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How Bills become Laws in Canada

Updated: Sep 14, 2021

A Short Primer

This information on the Canadian legislative process is provided to give the reader context about the various bills that were introduced to add gender identity and gender expression to the Canadian Human Rights Act and how far they made it through this process.

In order to become federal legislation in Canada, a bill must first be introduced in either the House of Commons or the Senate. Most legislation originates with the Government (governing party) and policy proposals requiring legislation are submitted to Cabinet by Minister(s). If Cabinet approves of the proposal, the responsible Ministry issues drafting instructions to the Legislation Section of the Department of Justice. A draft bill is prepared in both official languages and is approved by the responsible minister. The draft bill is then presented to Cabinet and if approved is ready to be introduced to Parliament.

A Private Member’s Bill is a bill introduced in the House of Commons by a member of parliament who is not a cabinet minister.

Once a draft bill arrives in Parliament, it receives its First Reading in the House of Commons which provides the bill with a number and introduces it to Parliament. The Second Reading occurs and MPs debate and vote on the principle of the bill and may decide to refer the bill to a legislative standing or a special committee. During the Second Reading’s Committee Stage, a clause-by-clause study of the bill is undertaken by the appropriate parliamentary committee. They can call witnesses and experts to provide it with information to help to improve the bill. Next comes the Report Stage where the Committee reports on the bill to the House where they clearly indicate any amendments being proposed. The House considers these amendments and votes for or against them.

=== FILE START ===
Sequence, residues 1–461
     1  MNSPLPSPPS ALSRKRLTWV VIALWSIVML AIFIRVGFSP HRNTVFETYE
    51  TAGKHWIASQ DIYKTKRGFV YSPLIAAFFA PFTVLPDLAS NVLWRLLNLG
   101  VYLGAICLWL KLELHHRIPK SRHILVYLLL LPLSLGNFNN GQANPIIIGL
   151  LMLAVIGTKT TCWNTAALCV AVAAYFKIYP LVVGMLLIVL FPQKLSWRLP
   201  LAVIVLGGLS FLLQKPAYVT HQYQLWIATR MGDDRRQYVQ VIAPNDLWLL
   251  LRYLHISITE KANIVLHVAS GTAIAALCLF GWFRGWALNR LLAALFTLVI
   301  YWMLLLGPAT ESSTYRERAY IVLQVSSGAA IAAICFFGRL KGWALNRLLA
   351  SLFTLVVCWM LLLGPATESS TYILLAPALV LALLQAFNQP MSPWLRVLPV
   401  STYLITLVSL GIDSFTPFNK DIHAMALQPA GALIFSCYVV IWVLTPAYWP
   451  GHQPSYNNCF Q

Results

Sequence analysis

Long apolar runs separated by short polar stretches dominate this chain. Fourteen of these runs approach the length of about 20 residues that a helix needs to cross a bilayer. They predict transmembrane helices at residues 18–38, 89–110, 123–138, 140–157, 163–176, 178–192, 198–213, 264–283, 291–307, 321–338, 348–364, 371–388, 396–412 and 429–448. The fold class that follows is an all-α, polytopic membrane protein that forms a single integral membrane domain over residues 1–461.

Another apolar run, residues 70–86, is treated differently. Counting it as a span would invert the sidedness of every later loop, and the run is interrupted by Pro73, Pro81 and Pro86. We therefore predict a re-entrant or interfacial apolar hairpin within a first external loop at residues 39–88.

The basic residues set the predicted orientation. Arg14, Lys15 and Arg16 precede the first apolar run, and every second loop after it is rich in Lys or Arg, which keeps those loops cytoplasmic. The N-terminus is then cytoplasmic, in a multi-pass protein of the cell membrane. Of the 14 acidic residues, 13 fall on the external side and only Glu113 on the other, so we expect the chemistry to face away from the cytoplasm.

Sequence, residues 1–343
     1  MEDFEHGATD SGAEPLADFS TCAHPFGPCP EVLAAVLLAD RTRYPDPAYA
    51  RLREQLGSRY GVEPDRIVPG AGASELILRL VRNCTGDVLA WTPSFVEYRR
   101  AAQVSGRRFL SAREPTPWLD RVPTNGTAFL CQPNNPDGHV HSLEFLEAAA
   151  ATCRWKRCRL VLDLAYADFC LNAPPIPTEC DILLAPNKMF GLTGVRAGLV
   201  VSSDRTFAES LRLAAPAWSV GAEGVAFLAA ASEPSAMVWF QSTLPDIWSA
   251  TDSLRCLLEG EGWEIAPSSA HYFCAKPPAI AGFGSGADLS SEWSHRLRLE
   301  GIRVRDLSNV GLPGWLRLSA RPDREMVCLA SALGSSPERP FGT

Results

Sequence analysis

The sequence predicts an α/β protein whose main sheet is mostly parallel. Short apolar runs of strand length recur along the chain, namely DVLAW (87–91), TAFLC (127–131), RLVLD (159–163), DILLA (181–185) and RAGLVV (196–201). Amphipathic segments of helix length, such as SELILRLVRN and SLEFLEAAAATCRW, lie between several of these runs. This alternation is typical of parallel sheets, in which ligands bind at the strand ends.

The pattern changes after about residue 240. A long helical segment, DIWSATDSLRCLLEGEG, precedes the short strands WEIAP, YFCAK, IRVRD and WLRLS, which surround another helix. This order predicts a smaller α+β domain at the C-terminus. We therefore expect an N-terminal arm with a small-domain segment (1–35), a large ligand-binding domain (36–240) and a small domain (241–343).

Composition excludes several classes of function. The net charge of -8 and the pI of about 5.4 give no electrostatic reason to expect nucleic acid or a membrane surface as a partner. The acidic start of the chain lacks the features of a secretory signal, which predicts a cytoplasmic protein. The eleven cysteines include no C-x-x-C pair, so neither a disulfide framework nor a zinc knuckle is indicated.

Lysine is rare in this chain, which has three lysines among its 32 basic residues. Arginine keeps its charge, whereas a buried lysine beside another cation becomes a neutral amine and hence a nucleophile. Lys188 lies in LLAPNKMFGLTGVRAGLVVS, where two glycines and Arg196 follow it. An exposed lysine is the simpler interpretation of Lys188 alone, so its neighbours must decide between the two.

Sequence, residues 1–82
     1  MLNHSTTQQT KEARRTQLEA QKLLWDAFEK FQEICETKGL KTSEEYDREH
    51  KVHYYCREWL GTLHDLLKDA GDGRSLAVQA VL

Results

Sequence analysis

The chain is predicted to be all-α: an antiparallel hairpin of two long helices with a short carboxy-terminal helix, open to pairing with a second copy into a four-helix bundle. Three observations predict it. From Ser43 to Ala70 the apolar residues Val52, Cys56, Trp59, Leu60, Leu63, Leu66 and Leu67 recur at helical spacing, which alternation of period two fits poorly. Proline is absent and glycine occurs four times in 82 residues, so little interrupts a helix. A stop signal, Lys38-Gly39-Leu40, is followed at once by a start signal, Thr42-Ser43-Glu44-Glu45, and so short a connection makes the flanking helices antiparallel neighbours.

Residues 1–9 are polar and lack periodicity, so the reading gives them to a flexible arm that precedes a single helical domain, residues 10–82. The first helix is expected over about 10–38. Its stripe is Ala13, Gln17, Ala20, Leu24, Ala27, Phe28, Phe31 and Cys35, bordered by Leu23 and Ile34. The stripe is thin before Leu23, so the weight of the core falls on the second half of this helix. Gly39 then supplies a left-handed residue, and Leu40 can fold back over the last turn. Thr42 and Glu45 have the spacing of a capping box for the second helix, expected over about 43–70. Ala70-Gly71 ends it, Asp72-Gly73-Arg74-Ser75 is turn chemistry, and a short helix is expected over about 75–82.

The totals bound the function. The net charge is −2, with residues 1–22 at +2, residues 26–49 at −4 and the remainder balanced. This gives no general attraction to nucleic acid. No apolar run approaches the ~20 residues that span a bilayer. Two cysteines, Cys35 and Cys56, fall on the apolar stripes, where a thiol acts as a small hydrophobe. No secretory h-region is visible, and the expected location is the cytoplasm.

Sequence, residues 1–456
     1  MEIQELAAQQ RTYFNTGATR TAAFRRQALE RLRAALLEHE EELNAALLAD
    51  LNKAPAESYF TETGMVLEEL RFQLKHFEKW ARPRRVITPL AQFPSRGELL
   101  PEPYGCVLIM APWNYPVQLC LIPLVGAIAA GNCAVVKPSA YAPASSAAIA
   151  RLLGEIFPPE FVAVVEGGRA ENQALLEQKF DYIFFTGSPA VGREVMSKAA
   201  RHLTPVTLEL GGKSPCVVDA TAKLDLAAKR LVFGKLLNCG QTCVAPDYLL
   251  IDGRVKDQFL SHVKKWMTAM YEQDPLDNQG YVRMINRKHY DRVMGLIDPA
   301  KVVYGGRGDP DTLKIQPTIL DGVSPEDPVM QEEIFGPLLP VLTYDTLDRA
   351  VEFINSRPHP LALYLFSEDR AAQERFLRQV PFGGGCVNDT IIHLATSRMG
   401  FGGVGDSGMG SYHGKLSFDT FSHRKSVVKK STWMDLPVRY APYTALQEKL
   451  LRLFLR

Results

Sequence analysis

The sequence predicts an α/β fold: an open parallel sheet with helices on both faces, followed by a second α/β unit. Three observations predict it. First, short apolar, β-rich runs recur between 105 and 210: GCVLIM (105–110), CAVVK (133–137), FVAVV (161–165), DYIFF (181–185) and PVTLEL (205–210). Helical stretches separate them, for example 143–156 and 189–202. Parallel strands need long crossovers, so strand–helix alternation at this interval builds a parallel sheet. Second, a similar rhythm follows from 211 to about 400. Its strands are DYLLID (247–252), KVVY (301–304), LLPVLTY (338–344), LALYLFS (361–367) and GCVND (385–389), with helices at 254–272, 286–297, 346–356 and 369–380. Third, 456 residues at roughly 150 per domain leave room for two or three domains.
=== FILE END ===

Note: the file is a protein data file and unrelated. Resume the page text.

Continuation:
The Third Reading is where the bill is debated and voted on, as amended. Once the bill has been read three (3) times in the House of Commons, it is sent to the Senate for its consideration.

The Senate also follows a Three Reading process for reviewing legislation.

As with the House of Commons, the Senate holds no debates for the First Reading, as that stage is merely to introduce the bill to the House or Senate and register it with a number. The Second Reading stage is like the Second Reading stage in the House of Commons (clause-by-clause review and sent to committee for a more in-depth review). The Third Reading is the final stage in consideration of the bill. Amendments similar to those moved at the Second Reading may be proposed, and amendments to clauses may also be moved at this stage. A bill must pass in the Senate before it can become law. Once it has passed, the bill can then proceed to the last stage of the legislative process, Royal Assent.

Royal Assent is the Sovereign’s acceptance of a bill. Royal Assent is granted by the Governor General (when he/she signs the bill) and that is the date that the bill becomes law unless another date is specified in the legislation.

Before any government sponsored bill makes it to the House of Commons it is reviewed by the Department of Justice.

If a bill ‘dies on the Order Paper’ it means that the parliamentary session has ended, and the bill is terminated. There is a procedure to reinstate such bills at the start of a new session.

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